In 2017, the Conservatives had their best general election performance in Scotland since before Margaret Thatcher was prime minister.
Increasing their tally of seats from one to 13, the seats won by Scottish Tories were instrumental in helping former PM Theresa May hold on to power. After all, if May had not been within 10 seats of a majority, then even a deal with the Democratic Unionist Party wouldn’t have helped her stay in Downing Street.
In the run-up to the election, polls have been increasingly volatile, with some predicting a Tory majority and others leaning towards a hung parliament.
North of the border, a resurgent Scottish Nationalist Party is hoping to target the Tory vote and reduce the tally of 13 significantly. This could, in certain circumstances, deprive Boris Johnson of a majority.
This means that what happens in Scotland, particularly in seats currently held by Scottish Conservatives, could be crucial in determining the future of the UK.
The number of seats won by the Conservatives in Scotland could be the difference between a working majority or minority, and another election next year.
So what should Scots who want to stop a Tory majority – and are open to the idea of voting tactically – do?
Nicola Sturgeon has been keen to point out that the best way to stop the Tories is voting SNP.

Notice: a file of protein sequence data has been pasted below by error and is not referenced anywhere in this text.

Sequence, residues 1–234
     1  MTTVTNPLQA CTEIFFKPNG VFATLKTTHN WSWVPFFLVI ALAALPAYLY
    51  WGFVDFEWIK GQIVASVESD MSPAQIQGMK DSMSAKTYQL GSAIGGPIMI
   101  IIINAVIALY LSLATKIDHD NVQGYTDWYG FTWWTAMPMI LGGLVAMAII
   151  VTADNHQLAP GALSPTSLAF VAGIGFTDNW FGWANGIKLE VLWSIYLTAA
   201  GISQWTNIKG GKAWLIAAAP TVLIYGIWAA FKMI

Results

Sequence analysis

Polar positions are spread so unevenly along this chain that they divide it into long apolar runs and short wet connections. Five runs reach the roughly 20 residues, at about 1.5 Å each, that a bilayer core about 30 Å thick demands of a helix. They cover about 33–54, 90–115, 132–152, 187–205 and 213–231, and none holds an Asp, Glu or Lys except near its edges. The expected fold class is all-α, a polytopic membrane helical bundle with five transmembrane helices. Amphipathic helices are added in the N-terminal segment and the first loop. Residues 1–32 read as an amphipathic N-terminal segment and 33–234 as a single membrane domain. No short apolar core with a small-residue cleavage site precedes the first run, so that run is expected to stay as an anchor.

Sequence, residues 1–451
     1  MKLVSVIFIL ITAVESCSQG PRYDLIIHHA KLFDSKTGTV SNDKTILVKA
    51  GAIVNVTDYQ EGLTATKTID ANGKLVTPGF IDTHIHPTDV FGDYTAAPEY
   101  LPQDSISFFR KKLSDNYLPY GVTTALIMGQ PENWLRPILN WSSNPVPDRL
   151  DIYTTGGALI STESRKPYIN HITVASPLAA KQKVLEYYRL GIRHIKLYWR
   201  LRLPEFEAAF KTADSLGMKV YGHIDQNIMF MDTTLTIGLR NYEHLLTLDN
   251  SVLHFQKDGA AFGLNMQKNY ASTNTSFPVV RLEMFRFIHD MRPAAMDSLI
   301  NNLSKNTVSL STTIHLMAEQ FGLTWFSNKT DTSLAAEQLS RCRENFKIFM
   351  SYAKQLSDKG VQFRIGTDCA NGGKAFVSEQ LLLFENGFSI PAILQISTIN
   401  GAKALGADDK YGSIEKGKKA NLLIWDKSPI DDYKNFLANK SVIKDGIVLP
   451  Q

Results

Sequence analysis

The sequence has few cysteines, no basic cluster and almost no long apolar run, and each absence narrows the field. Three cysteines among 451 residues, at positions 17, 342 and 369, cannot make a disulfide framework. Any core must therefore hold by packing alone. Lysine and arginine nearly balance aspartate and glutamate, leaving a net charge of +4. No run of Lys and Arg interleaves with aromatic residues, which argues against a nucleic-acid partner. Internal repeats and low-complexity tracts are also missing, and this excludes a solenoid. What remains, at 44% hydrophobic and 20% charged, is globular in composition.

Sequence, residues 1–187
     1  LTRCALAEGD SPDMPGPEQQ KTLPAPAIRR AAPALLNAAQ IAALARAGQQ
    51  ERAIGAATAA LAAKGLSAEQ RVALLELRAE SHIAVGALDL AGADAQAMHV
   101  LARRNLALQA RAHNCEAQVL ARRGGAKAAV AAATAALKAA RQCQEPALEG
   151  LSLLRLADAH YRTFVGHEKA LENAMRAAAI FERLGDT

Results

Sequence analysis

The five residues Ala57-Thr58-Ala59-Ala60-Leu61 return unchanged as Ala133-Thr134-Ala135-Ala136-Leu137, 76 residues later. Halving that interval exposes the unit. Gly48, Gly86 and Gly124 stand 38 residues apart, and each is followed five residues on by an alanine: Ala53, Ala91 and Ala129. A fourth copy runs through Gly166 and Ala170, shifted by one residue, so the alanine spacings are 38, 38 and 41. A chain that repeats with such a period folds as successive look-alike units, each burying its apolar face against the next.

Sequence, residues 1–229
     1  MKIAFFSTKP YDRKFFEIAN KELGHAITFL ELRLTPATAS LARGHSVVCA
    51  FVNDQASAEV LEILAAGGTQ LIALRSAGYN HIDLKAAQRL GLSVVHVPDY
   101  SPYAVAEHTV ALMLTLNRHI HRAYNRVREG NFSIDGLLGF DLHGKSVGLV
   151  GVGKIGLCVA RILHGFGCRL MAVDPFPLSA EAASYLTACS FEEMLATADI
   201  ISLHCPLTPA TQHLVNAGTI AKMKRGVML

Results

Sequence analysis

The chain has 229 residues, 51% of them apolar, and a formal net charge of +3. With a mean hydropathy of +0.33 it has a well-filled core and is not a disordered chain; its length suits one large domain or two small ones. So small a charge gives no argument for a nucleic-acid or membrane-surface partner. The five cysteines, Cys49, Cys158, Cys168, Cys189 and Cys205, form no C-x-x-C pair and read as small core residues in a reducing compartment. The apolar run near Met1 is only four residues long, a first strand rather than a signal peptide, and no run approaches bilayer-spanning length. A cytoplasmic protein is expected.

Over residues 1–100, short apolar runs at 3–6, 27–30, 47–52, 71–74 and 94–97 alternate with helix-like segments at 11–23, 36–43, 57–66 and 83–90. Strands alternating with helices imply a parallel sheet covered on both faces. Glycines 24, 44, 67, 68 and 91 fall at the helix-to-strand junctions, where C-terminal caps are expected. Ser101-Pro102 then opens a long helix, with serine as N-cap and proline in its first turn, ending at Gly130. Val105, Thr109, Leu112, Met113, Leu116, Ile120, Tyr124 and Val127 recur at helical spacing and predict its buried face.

But is she right?
Looking purely at the numbers, it would seem so.
In every single Tory-held seat in Scotland, the SNP is the main challenger
Here’s a list:
- West Aberdeenshire and Kincardine
- Banff and Buchan
- Ochil and South Perthshire
- Ayr, Carrick and Cumnock
- Dumfries and Galloway
- Berwickshire, Roxburgh and Selkirk
- East Renfrewshire
- Dumfriesshire, Clydesdale and Tweeddale
- Aberdeen South
In Stirling, the Tories have a majority of just 148. In Angus, the Tory majority is just 2,600, just as it is in Gordon.
In each of these 13 constituencies, the SNP is in second place. There are no Labour/Tory marginals and zero Tory/Lib Dem marginals.
Over the course of the election, there's been lots of talk about the importance of tactical voting. For Scottish supporters of Labour, the Greens and the Lib Dems, who want to vote tactically to stop the Tories, these numbers speak for themselves.